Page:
Green tribunal stays development activities in Karnataka grasslands

Construction undertaken by science and defence research institutes allotted land in Amrit Mahal Kaval has affected biodiversity, water availability and village residents dependent on the grasslands for living

 
By Jyotika Sood
Last Updated: Monday 17 August 2015

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The Chennai bench of the National Green Tribunal has stayed development activities on the last remaining contiguous grasslands of Karnataka—the Amrit Mahal Kaval. Over 4,000 hectares of the traditional grazing land in Challakere taluk has been diverted for development; it has been allotted in parts to science and defence research institutes, including the Defence Research Development Organisation (DRDO), the Indian Institute of Science (IISc), the Indian Space Research Organisation (ISRO) and Bhabha Atomic Research Centre (BARC). The tribunal bench ordered a status quo on all activities proposed by these institutes.

The green bench has also told the Karnataka State Pollution Control Board to review over the next fortnight any pending applications for clearances sought from project proponents.

The tribunal order followed a hearing on August 21 and submission of a report by a two-member fact finding committee appointed by the tribunal on July 26. The committee comprised ecologist S Ravichandra Reddy and K V Anantharaman, retired scientist from Central Silk Board.

The complaint in the case was filed by Bengaluru-based charitable trust, Environment Support Group (ESG), in February this year. It pointed out that various organizations have commenced project activities like construction in the ecologically sensitive Amrit Mahal Kaval grasslands. ESG had alleged irregularities in the diversion of the grazing land, originally used for grazing the drought-tolerant Amrit Mahal breed of cattle owned by the maharajas of Mysore, in violation of environmental laws.

Villages' access blocked

During visits to affected villages, the two-member committee found that residents had the same grievances—the Kaval is their main source for firewood, medicinal plants, fruits, palm leaves, sand, mud and other construction material. The land was also being used for grazing sheep and cattle until recently when villagers were denied access for grazing when boundary walls were erected. Whenever they enter the Kaval, they are arrested, beaten and threatened by security guards; police cases have also been registered.

The Kaval also has water sources, which have become inaccessible after construction of boundary walls. A good portion of the Ullarti tank is now under the control of ISRO and a boundary wall is being constructed which is blocking the flow of catchment water into the tank. Similarly, bore wells sunk by BARC and ISRO in their allotted area has caused water shortages in the villages. Biodiversity in the Kaval has depleted considerably.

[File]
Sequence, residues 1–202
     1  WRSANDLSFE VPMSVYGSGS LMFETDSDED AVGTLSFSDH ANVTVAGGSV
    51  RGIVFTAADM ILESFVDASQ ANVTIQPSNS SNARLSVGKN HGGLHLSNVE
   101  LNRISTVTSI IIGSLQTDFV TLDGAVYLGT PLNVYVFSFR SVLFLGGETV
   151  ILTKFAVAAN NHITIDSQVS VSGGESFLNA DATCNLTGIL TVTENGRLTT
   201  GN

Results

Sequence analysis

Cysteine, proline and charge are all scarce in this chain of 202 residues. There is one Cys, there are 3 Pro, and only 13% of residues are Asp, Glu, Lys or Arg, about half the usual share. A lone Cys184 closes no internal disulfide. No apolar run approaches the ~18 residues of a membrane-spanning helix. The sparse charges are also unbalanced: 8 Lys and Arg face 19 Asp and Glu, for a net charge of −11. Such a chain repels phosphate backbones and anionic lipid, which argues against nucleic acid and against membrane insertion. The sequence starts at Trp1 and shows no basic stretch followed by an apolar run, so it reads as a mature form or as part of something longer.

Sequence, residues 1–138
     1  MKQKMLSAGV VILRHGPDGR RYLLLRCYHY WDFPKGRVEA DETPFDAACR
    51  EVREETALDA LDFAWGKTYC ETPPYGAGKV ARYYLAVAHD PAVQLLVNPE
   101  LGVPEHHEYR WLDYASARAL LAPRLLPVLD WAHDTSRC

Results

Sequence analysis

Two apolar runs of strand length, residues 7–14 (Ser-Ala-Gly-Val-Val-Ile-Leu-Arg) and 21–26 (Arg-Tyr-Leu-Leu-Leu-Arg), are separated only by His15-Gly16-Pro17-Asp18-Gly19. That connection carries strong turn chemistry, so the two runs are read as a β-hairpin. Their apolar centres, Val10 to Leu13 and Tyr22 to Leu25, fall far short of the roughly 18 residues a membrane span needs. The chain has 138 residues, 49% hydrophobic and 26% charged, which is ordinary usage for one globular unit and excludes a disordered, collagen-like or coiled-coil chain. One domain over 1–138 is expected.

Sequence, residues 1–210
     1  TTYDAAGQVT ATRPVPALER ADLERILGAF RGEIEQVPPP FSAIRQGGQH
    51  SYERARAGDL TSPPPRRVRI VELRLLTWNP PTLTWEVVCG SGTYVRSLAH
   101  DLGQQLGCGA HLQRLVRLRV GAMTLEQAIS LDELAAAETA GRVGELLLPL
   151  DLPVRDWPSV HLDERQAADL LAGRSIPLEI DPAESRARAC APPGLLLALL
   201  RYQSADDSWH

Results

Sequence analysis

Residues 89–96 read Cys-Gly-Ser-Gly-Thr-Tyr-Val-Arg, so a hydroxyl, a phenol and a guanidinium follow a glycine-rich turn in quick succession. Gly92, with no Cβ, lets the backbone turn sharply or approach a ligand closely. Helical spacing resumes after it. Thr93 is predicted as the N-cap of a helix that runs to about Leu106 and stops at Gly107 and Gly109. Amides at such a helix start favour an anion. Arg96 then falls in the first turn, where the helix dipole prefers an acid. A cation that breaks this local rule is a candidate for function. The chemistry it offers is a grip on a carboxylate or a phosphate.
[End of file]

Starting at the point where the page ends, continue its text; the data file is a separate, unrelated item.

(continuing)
Another concern of the village residents, as given in the report, is that after the construction of boundary wall, worship places/temples like Boredevaragudi (in KSSIDC land), Hiriyara Habba spot and Ajjayanagudi (in IISc land) are not be accessible for performing the traditional rituals every year.

Committee observations

The committee observed that Amrit Mahal Kaval is an undulating land covered with scrub and thorny bushes with isolated pockets of sheet rocks and boulders. Vast stretches of the land is covered by variety of grass and shrubs. Soil of the land ranges from gravelly red to black  and from loam to sandy type.

The land was transferred from different kings to the department of agriculture in 1923; in 1945, the land was given to the department of animal husbandry and veterinary sciences. Records available with the forest department show it was never given custody of Amrit Mahal Kaval.

The committee said that research organisations have given written assurances to the committee that they would continue to allow grazing  by livestock until complete establishment and also supply fodder to the villages. Besides, the state’s chief secretary has assured the committee members that the remaining Kaval land at Challakere will not be diverted and will be maintained in its natural condition for the benefit of the villages.



 
 


Forfeiting our commons: a case for protecting and conserving Challakere’s Amrit Mahal Kavals as livelihoods-supporting, biodiversity-rich and ecologically-sensitive grassland ecosystems

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